UNWORLDING...the art form formerly known as "out-of-body-experience," "astral travel," "lucid dreaming," "phasing," "the quick switch," etc.

THE MOST METHODLESS OF METHODS: THE BREATH OF FLIGHT

"The most durable lines that a man of knowledge produces come from the middle of the body," he said. "But he can also make them with his eyes."

"Are they real lines?"

"Surely."

"Can you see them and touch them?"

"Let's say that you can feel them. The most difficult part about the warrior's way is to realize that the world is a feeling. When one is not-doing, one is feeling the world, and one feels the world through its lines."

      --Carlos Castaneda, Journey to Ixtlan

Search through any number of in-depth discussions of meditation, yoga, exercises intended to have any effect on so-called emotional or spiritual well-being, and keep track of how many of these discussions don't take up the matter of breathing, somewhere along the line.

Better yet, don't bother. There probably aren't any, and if there are, they are only a few.

This is because any breathing exercise you attempt for more than a few seconds will radically alter the way you feel. Unless the exercise has you breathing the way you already do. But if you change the way you breathe, you change your world.

And this is because twoness is what creates us as individuals. In the physical world, we are created by a variety of reflections of the so-called Sound Current, which is twoness itself, splitting infinity into parts. All of these things are wavelike, two-part processes:

--breathing: two lungs functioning with an in-and-out pumping motion;
--heartbeat: two double valves, another in-and-out pumping motion;
--electricity: a wave function involving a flow of invisible sub-atomic particles;
--lymph fluid: another fluid pumped by the motion of the body; pumping is always an unsteady in-and-out dichotomous process;
--the Vibes: experienced by most unworlders, this physical sensation has no obvious physical source, but is actually caused by interaction of two or more differently vibrating chakras or overtones or dream bodies;
--tinnitus: the inability to stop listening to the Sound Current that's always there since it creates the world, your body, and your mind.

Tinnitus is possibly a habit of mind; on the other hand, if you can't keep your breathing, heartbeat, lymph pumping, and brainwave-emitting bodily centers functioning in synergetic cooperation with each other and an infinitude of other systems, such inability constitutes the death of the body. The deathless "soul," on the other hand, is just infinity. It can hardly get too involved in the ending of whatever movie it's been watching for a portion of a puny century, much less mope about it. While death is hard on those who experience the death of others, it's no big deal for the self, since there is only one of those, and infinite awareness can just play the tape over again if it was that great... with variations, even.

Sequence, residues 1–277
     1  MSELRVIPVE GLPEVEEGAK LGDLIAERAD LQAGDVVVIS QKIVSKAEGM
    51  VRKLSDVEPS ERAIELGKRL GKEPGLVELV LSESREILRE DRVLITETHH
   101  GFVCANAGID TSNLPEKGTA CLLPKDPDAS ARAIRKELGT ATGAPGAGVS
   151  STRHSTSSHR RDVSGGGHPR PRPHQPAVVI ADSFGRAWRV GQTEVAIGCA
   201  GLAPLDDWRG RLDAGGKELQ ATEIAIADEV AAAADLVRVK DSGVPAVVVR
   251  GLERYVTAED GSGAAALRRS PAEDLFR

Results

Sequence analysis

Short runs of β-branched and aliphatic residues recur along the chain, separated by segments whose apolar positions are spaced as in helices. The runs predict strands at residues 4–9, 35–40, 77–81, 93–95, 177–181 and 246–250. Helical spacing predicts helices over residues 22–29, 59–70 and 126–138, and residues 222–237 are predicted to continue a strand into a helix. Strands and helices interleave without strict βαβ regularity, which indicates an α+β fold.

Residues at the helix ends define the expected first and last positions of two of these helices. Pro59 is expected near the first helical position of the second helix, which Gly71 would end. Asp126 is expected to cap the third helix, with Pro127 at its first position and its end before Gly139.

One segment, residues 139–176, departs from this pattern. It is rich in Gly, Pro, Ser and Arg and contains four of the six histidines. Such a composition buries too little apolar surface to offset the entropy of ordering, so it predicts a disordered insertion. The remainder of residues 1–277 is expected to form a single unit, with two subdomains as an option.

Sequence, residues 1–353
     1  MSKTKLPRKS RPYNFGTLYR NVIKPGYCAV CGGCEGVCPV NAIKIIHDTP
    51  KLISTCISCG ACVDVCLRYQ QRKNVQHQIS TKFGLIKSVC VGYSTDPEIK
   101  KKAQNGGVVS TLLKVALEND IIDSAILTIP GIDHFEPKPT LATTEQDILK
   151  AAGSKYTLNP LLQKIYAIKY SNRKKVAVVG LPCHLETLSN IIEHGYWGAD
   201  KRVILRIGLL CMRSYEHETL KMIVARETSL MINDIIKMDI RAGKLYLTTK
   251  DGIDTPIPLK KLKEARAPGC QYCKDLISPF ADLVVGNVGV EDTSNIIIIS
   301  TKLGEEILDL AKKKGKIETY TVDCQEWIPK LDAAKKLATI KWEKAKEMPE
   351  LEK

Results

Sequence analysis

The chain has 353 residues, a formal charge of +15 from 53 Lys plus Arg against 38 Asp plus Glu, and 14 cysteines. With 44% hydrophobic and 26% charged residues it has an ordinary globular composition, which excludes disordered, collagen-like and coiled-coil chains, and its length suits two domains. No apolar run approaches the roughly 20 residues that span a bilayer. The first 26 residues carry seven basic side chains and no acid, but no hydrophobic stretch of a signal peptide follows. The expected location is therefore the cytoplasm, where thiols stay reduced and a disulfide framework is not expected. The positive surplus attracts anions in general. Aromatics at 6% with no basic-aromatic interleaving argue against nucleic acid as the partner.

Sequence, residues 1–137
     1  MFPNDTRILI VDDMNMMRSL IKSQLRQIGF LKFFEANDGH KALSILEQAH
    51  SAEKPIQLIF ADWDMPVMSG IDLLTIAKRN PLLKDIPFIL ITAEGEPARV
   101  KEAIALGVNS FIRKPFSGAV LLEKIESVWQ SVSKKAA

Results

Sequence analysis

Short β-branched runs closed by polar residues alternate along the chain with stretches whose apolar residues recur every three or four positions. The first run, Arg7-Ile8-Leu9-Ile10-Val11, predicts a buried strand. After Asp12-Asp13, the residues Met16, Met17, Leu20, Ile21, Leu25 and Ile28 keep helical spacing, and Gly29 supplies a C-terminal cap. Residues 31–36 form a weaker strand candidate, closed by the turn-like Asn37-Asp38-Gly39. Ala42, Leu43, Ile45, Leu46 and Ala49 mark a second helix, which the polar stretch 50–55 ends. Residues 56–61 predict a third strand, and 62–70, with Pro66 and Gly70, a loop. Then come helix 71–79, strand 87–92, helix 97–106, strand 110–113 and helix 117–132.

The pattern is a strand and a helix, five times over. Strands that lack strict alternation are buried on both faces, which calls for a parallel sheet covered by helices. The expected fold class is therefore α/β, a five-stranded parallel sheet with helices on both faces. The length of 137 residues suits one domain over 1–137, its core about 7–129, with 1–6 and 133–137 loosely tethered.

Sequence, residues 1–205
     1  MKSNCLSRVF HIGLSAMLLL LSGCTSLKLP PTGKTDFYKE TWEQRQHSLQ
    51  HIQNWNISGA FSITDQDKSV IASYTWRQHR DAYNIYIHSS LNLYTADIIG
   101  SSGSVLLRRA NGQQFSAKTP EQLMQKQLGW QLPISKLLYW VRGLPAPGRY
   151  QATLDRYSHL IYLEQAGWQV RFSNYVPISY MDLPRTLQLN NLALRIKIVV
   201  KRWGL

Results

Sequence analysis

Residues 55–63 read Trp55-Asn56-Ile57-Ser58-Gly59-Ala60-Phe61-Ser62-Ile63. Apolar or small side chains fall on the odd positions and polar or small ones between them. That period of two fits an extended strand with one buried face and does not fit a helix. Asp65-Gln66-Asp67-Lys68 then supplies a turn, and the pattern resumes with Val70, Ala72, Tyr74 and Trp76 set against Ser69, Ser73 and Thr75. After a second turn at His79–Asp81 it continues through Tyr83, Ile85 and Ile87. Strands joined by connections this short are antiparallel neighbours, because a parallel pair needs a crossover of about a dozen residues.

To stop living, just stop breathing. They can claim that I'm wrong when I say that we breathe the world into existence, but they can't prove it. And while most people can't control their heart, lymph, or brain waves, almost everybody can change the way they breathe. And by so doing, change their world.

I had my first classic unworlding experience around 1980 at the age of 24, during a month-long marathon of deep, connected breathing that put me into an obviously physical version of the Vibes and kept me there. I say "obviously physical" because the particular flavors of Vibes I was experiencing were obviously caused by the way I was breathing. Not because you could see any part of me vibrating. So essentially, these Vibes were the same vibes as the Vibes vibes. You know, those Vibes. During that month of breathplay, I also had my first experience of ESP and I was in a state of bliss the whole time. I don't say that lightly. My usual jubilantly cantankerous personality more or less evaporated into a relaxed bubble and I walked around without gravity, no troubles, nothing to complain about. My whole world changed, temporarily. Walking around in a vibratory condition 24/7 is nothing to sneeze about. Not that I think you should try it. In fact I forbid you to try it. If you try this, it's your problem, not mine. Because I told you not to. So don't even read this chapter.

Carlos Castaneda used to talk about something he called the lines of the world which brought the world into existence somehow. I'll tell you how. The infinite universe is awareness and nothing else. Since it's infinite, it can't be split into parts, because you can't draw lines on infinity or it's not infinity any more. But paradoxically, since it's infinite, it can and does include everything. All possibilities and impossibilities have equal status within infinity; they can't be told apart.